News broke this week that China’s ongoing floods had inched their way over the toes of the Leshan Giant Buddha in Sichuan Province.
By Wednesday, the feet of the world’s largest pre-modern statue – it soars to 71 meters (233 feet) – had reemerged from the floodwaters. But as upriver rains continue, flooding records are being broken along the length of the Yangtze River.
The Yangtze is a river of superlatives, and the Giant Buddha is just one of them. The Yangtze is also the longest river in Asia at 6,300 kilometers (3,900 miles) and accounts for an estimated 20% of China’s GDP. It is also home to the world’s largest – and most controversial – dam, the Three Gorges, which is also the world’s largest hydroelectricity plant.
In its latest superlative, the Yangtze is the source of China’s worst flooding since the Chinese Communist Party (CCP) came to power in 1949.
All eyes are focused on the dam, which was expected to be holding back peak inflows of water on Thursday of 76,000 cubic meters per second, according to the Ministry of Water Resources. The dam is expected to reach maximum capacity by Saturday, the Wall Street Journal reported.
Discharge from the dam is significantly lower than inflow, straining at a record 48,000 cubic meters per second – and from all 10 sluice gates. Dam water levels are expected to reach a record high of 166 meters on Thursday.
The dam’s threshold for flood prevention is 145 meters.
Sichuan Province, which is upriver from the dam and affected by banked-up Three Gorges reservoir waters and releases of floodwaters from other dams upstream, has raised its emergency response to “maximum level.” The municipality of Chongqing, also upriver and with a population of more than 30 million, continues to be at the highest flood warning level.
Downstream, Wuhan, the epicenter of the Covid-19 pandemic, has so far been spared, but the city of 11 million has been on flood alert for weeks. The city is protected by dikes patrolled by tens of thousands of volunteers, according to reports.
It is the fifth wave of flooding to strike central China this year. During the past two months, “disasters and direct economic losses of 179 billion yuan ($26 billion)” have affected more than 60 million people, while four million have been resettled, the Deputy Minister of Emergency Management Zhou Xuewen reportedly said at a press conference.
Claims that the Three Gorges Dam is at imminent risk of collapse – rumors of which have circulated in China on almost an annual basis since the dam went into operation in 2003 – are widely claimed to be “exaggerated.” But Chinese-born hydrologist and engineer Wang Weiluo, who was involved in planning the project, has publicly expressed concerns about its structural integrity.
Wang told the Chinese-language media there were grounds for “serious concern over cracks” while “substandard concrete was discovered” during the dam’s construction. He also claimed that a failure of the massive engineering project would impact 400 million lives downstream.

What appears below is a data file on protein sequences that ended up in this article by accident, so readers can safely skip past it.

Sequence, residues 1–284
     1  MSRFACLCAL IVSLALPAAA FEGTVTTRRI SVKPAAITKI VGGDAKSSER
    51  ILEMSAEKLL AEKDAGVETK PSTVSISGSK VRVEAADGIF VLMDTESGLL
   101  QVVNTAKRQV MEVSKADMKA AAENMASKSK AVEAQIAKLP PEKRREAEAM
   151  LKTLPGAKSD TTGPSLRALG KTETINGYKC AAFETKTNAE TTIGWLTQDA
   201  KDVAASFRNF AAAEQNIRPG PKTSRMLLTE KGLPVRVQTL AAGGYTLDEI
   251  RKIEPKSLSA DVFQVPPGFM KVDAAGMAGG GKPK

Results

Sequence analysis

Chinese state media has dismissed such claims – including others, such as structural distortion and a shifting of the dam wall – as Western media “hype.”
The integrity of the Three Gorges Dam is an unknown equal to that of how much rainwater it will have to harbor in the lower reaches of the Yangtze in the weeks ahead. But the fact that it is an issue that refuses to go away – and to the point that the Chinese government and its media mouthpieces are repeatedly compelled to assure the public of its safety – places it in that peculiar region of vaulting ambition that defines the modern Chinese project.
It was first raised, after all, by Sun Yat-sen, the so-called father of modern China, who overthrew the Qing Dynasty. It later went into the planning stage under Chiang Kai-shek’s Nationalist government and was considered by the Japanese invaders of China during World War II. The Great Helmsman Mao Zedong also dreamed of such a dam after taking a historic swim in the Yangtze from Wuhan in 1956.
In verse, Mao wrote: “Walls of stone will stand upstream to the west, To hold back … clouds and rain, Till a smooth lake rises in the narrow gorges, The mountain goddess if she is still there, Will marvel at a world so changed.”
The world has changed. China has changed. The dream of a great dam to harness China’s greatest river was realized some 80 years after the death of Sun Yat-sen and 30 years after the death of Mao.
Whether it is China’s Achilles heel or its greatest triumph is a question the weeks ahead – the months ahead, perhaps even the years ahead – will prove, but on June 29, CCP leader Xi Jinping, broke a long silence on the subject and called on China to “put people first and value people’s lives most in the fight against the floods.”
In this year of unique challenges for China and for the world, in other words, engineering prowess and Xi’s much-vaunted system of governance are likely to take a back seat to the resilience of the Chinese people. Mao’s mountain goddess, if indeed “she is still there” will determine the fate of every Chinese within the penumbra of not just this flood season, but all the flood seasons to come.
Chris Taylor is a former China and Taiwan-based commentator, now resident in Bangkok. Follow at @chrisvtaylor